New Plant Release: Add These 4 Homegrown (and Colorful!) Varieties to Your Gardyn

Published Mar 2, 2021

The possibilities to enhance meal planning with homegrown food are endless with Gardyn. Our second installment of new plants in 2021 includes two medicinal powerhouses, a sweet yet zesty lettuce, and an earthy beet that can be enjoyed from top to bottom.

Oopsie Daisy Calendula

Our third variety of the calendula, Oopsie Daisy blooms in single and double forms, boasts white and yellow petals with orange tips. It prefers cooler temperatures and regular pruning of dead blossoms (a process called “deadheading”, which encourages perpetual blooms).

Known for its medicinal properties, this vibrant flower shines in a pretty vase among home décor and adds a dash of color to a fresh home-grown salad as the tangy petals are edible.


Another element used in Ayurvedic medicine, wheatgrass is a natural superfood containing iron, calcium, amino acids, vitamins A, C, E, K, and B. It is said to help eliminate toxins from the body, boost metabolism and immune system, and aid digestion. Perfect in wellness shots and smoothies, wheatgrass can be dried and powdered, and added as a supplement to any food.

There are health benefits of wheatgrass that are still mysterious: not all of the photo chemicals have been identified and scientists are left puzzled over how wheatgrass can be so beneficial for health.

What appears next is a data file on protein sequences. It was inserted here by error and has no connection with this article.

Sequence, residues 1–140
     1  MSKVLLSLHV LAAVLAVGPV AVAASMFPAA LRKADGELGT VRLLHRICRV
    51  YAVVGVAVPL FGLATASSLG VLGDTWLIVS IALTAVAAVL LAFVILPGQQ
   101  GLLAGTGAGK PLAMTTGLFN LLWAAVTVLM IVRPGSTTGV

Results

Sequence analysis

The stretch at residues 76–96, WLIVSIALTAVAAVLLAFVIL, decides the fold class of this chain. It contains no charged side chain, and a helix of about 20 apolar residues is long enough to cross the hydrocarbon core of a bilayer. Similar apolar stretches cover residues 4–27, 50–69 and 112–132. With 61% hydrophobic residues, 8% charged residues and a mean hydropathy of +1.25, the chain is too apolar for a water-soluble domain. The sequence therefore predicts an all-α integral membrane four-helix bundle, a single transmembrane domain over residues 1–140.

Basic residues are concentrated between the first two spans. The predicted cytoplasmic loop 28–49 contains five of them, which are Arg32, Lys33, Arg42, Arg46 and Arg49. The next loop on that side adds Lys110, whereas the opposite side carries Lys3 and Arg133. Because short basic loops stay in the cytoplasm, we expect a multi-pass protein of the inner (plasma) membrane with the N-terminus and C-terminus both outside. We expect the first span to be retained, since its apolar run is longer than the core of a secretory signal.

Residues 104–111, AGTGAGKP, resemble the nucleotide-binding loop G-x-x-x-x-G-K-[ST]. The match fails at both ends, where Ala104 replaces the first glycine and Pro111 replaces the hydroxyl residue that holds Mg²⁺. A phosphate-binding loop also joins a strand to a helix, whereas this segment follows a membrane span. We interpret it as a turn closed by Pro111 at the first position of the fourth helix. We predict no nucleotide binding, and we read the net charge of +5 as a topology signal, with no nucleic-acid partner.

Red Salad Bowl

Lettuce has travelled far and wide to reach North America. Harvested by the ancient Egyptians, who passed it on to the Greeks and then the Romans who brought it to Europe, adding the Red Salad Bowl variety brings color and anti-inflammatory benefits to any meal.

A little bit of sweet and spice, Red Salad Bowl gets its color from anthocyanins, which have been used as neutraceuticals for centuries. These anthocyanins provide the same health benefits they do in other red/blue vegetables, like blueberries and grapes.

Bull’s Blood Beets

The oldest beet heirloom variety in existence dating back to the 19th century Victorian era, Bull’s Blood beets were bred in the Netherlands in 1840. Adding depth to any dish, these deep red-colored beets are earthy and sweet, a flavor enriched when cooked. (PS – don’t toss the leafy tops as they are tasty and packed with vitamins A and C!)

Chock-full of antioxidants Bull’s Blood beets have anti-inflammatory and detox properties, pairing beautifully with goat cheese and citrus flavors.

How do you introduce new flavors to your family? We’d love to know!

It’s exciting to grow fresh year-round with your own personal farmer’s market! Gardyn members can order yCubes directly from the Gardyn app.

Find more info and harvest to plate recipes in the Gardyn Plant Book.

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